EC: How did you cope when you were first diagnosed? Who did you turn to for support? SN: My friends and family were all such an amazing support for me. My amazing girlfriend stuck by my side throughout the entire process, and took the best care of me when I was immobilized in bed for almost two weeks. She also made the switch to vegetarian with me. No surprise that we were watching all those documentaries together. I had quite a heavy load on my back, so to speak, and everything was happening so fast that we barely had time to react and absorb it all. The most challenging part of my recovery was realizing that 99% of the things that I ate/drank, used in the shower etc. were all toxic, and I needed to stick to a more organic and natural way of life.
EC: How did you find out about the benefits of being vegetarian in regards to helping keep cancer at bay? Was it through your doctor or was it through your own research? Have you seen the video documentaries about how eating a plant based diet can help? SN: When a close friend suggested I watch 'Forks Over Knives', I laughed at him because I instantly labelled it as 'propaganda' or 'hippie shit'. I thought all this natural stuff was a joke until I actually watched the film and followed up with a fair amount of research regarding things like The China Study. Once I started eating raw foods and eliminating animal proteins from my diet, I was instantly feeling (and looking!) so much better. It's not hard to find healthy (and tasty) sources of protein that aren't a dead animal that was miserably abused and full of negative energy, scared to death the moment before it was killed. The thought of that makes my stomach hurt. I don't think this stuff because someone told me; I feel that this is the right lifestyle for me.
EC: Were there any other life changes you made as a result of the diagnosis, other than turning veggie? SN: There are a lot of changes that occur when you make such a drastic lifestyle shift. I try my best to maintain the conscious effort of being healthy, in every way possible. I'm not perfect though, I'll still have a few beers and a shot of whiskey every now and again to warm the loins. No two people have the same diet/lifestyle habits, so for me the most important thing is to be happy and feel good... so whatever it takes to maintain that, to ensure a long and prosperous life!
EC: On 30th November, you tweeted asking ‘Anyone have any good vegan/vegetarian recipes for a newcomer?’. How hard have you found the transition from eating meat to vegetarianism? Did anyone reply with any great recipes you tried and loved?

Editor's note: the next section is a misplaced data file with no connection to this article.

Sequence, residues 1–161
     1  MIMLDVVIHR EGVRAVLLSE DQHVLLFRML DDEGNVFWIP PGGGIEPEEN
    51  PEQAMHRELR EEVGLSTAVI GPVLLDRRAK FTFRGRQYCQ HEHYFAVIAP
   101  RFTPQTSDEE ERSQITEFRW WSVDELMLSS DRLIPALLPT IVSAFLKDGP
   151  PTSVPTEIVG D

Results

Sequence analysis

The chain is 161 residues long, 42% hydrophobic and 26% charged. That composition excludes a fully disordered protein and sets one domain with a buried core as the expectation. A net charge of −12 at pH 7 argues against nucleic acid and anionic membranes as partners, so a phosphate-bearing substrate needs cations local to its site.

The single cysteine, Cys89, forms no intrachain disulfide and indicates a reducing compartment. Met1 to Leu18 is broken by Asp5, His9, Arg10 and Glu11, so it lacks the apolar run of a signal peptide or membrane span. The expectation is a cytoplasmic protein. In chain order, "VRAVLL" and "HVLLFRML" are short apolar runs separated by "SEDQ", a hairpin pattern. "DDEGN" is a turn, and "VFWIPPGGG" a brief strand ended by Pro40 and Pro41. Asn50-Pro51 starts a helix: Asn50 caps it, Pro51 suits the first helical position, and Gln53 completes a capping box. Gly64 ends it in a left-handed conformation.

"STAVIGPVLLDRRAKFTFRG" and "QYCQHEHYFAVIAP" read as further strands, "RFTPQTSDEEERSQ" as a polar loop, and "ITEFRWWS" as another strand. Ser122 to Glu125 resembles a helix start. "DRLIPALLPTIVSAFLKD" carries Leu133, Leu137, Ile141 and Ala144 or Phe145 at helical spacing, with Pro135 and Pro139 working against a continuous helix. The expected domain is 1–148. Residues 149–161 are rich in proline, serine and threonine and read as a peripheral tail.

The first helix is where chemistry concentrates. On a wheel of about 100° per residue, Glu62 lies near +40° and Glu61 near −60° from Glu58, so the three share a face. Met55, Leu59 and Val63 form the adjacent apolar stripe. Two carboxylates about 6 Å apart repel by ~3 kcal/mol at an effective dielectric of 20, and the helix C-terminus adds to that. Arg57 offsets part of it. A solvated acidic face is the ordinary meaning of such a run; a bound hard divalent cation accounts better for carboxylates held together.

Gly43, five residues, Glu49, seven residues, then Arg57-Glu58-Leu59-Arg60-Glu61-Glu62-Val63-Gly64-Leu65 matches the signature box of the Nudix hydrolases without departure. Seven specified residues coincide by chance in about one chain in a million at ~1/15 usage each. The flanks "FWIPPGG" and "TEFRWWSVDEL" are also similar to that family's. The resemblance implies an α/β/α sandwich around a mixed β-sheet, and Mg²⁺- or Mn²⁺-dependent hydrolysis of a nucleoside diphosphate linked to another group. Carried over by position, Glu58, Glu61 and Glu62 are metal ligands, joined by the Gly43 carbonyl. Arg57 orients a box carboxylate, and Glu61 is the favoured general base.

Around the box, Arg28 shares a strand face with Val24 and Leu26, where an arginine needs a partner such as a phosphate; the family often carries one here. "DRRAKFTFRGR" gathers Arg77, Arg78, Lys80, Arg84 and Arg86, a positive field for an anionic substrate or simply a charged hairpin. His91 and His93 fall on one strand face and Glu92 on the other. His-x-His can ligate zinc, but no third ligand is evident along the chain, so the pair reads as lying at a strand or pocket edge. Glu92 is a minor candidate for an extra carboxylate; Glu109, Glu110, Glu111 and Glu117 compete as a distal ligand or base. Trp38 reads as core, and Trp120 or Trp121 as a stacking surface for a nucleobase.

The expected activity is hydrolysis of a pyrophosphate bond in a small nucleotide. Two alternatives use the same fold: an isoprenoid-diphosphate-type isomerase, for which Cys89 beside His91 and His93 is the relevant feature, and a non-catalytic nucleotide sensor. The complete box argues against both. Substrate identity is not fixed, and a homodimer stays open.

SN: Yeah, I got some really good recipes from that. My personal favorite is vegetarian lasagne. I'm a sucker for any kind of vegetable now, who would've known?!
EC: Would you ever consider going the full way and turning vegan, like Larry Hagman from Dallas has recently?
SN: Cheese is the hardest thing to give up for me. It just makes everything taste better! I have never really liked milk or butter, so the only thing really keeping me from being vegan is that damn cheddar!
(Note from Shari - There are so many different soya cheeses out there, it's easy to convert from cheddar once you know where to buy them. I thought ten years ago that I couldn't give up cheese - but I did - and now eat at least 4 different types of soya cheese).
EC: What benefits have you felt in your body and in your life generally as a result of quitting meat? SN: I didn't need to lose a whole lot of weight to begin with, but I definitely lost some pounds within the first few weeks of making the shift. I felt more clear-headed and I definitely had more energy throughout the day. Now I don't get that 'super full and want to pass out' feeling after I eat a meal. It's a miracle, isn't it?
EC: You’ve got a song called ‘Get Over It’ on your album ‘003’. What actions/demonstrations of animal cruelty, e.g. battery chickens, animal testing, using animals in circus shows etc., do you wish the most people would ‘get over’ and stop promoting/accepting? SN: All that stuff literally makes me wanna vomit. I understand that we're all animals in the grand scheme of things, and the food chain exists etc, but if I can have anything to do with it, I'll be an advocate to stop animal cruelty and have all those assholes locked up who think it's a good idea to treat an animal any different that you would treat a human. How would you like to be locked up in a super small cage and genetically mutated?? Sorry for yellin'!